x Abu Dhabi, UAEWednesday 26 July 2017

Documents for change: The List

The film The List follows one man's attempt to rectify the US's red-tape approach to resettling Iraqis.

When Kirk Johnson grew up in Mid-West America, every night at the dinner table his father would ask his children: "What have you done for your community today?"

It's an ethos that has stayed with Johnson, whose story is the focus of the new documentary film The List.

After the American invasion of Iraq, which he did not support, the Arabic speaking Johnson decided that he should help with the reconstruction effort. Working for USAID, he soon discovered that Iraqi citizens who worked for the organisation were not treated equally, the most obvious example being that only American citizens working for the organisation received bullet-proof vests. Johnson refused to wear his, in a show of solidarity.

The personal cost to the reconstruction worker was high. After a year in Iraq and on a family holiday to the Dominican Republic, he began suffering from post traumatic stress syndrome. He returned home.

When Iraqi citizens working for the Americans became primary targets in the war, Johnson campaigned for them to be allowed to move to the United States. He posted an email online from his co-worker Yaghdan describing how he and his family had received death threats because of his work. Johnson then began receiving emails from countless other Iraqis in similar situations and he began making a list of people he wanted to help get through the red tape and into America.

It's at this point that director Beth Murphy became interested in the story. The documentarian had previously made Beyond Belief, about American wives widowed by the World Trade Center attacks and who then went to Afghanistan to help war widows there. In addition to directing, the Boston resident Murphy works for the International Institute of New England, which helps resettle refugees.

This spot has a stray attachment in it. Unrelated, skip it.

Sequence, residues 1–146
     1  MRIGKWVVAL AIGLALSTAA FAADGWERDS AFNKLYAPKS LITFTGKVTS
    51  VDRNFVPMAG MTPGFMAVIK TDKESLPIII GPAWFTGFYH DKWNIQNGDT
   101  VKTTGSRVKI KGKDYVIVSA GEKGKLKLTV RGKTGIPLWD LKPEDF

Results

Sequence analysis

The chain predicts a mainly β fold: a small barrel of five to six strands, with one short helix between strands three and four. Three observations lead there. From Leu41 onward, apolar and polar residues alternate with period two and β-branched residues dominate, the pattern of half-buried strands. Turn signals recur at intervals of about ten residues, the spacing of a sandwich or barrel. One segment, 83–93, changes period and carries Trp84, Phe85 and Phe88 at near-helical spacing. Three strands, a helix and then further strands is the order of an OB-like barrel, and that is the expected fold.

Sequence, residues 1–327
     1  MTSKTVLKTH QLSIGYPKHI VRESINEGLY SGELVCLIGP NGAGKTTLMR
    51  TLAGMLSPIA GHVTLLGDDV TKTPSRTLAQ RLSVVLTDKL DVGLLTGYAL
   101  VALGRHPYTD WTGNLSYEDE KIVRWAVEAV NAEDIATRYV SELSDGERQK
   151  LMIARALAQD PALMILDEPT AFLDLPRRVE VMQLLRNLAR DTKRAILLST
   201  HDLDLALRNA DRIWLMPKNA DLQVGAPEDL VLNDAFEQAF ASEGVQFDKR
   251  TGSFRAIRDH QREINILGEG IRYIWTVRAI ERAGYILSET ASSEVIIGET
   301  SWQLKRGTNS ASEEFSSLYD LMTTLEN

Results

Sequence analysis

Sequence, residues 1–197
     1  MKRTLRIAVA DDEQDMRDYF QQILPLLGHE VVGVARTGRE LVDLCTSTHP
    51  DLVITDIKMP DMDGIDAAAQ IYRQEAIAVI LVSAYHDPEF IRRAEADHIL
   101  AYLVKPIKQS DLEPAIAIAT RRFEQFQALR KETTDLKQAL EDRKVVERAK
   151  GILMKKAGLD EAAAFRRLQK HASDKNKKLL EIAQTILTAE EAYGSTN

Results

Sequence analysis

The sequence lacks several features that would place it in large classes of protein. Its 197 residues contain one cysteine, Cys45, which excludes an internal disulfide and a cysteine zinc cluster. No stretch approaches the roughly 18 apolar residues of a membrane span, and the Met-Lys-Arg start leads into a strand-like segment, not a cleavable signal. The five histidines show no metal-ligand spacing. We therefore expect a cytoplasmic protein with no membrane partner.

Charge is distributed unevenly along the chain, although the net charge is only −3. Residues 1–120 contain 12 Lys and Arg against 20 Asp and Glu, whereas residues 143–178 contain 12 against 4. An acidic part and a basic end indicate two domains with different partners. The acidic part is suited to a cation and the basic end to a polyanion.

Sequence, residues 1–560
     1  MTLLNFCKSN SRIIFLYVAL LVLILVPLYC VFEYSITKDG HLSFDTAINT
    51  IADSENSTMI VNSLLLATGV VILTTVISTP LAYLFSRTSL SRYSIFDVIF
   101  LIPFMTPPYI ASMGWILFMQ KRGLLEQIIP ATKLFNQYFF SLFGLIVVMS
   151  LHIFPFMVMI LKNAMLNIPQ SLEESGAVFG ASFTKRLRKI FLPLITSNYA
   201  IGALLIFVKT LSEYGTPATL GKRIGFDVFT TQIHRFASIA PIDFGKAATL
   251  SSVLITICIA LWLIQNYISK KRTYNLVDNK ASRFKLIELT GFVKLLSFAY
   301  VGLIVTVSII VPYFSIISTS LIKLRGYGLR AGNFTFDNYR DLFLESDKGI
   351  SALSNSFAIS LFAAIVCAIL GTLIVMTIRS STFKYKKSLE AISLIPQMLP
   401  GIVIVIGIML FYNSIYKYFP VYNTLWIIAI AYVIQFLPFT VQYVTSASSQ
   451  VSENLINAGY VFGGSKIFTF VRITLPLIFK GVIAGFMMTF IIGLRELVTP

Speaking in a hotel in New York where The List, her new film about Johnson, premièred at the Tribeca Film Festival last week, Murphy says: "In 2007, the resettlement department was gearing up to receive a lot of Iraqis. There was beginning to be talk at that time of this unique population of US-affiliated Iraqis who were in danger for that reason. We're waiting and waiting and then no one came.

"For me, it was a red flag, a question mark; I wanted to find out why no one was coming and this led me to Kirk and his work. We met and I knew immediately that I wanted to follow his journey wherever it would take him."

The Listdescribes Kirk's story and shows how he engaged pro bono lawyers to help Iraqi citizens through the red tape of the Patriot Act. When he managed to get Yaghdan into the US, he moved in with Johnson's parents. "Yaghdan is now like a son to them," says Murphy. "This was something Kirk hoped would be the result of his work: regular Americans would have the opportunity to connect in a meaningful way with Iraqis and that would change perceptions and break down barriers.

"I think one of the most dramatic sentiments that Kirk expresses in the film is when he says there are allies and enemies, and if we can't distinguish between the two, what is left? If we can't tell the difference between someone who is our enemy and our friend, how do we fight terrorism?"

Murphy wants the documentary to be a call to action, but admits: "There is a doubled-edged sword to seeing The List. People can watch this and think that it's great that he is working on this issue. I'm mad and I want this problem to be solved, but here is somebody who had got this covered. You're solving it so I don't have to."

The US has still not given the Iraqis who worked for them the right to apply to live in America. Indeed, one pertinent scene shows how it's easier for dogs from Iraq to enter the US than it is for people. A major problem is that these are Iraqis that neither side wants to help, Murphy says. "It was the one thing both sides could agree on in the war, that the people who worked for America are traitors."

They would have been forgotten, were it not for men like Johnson.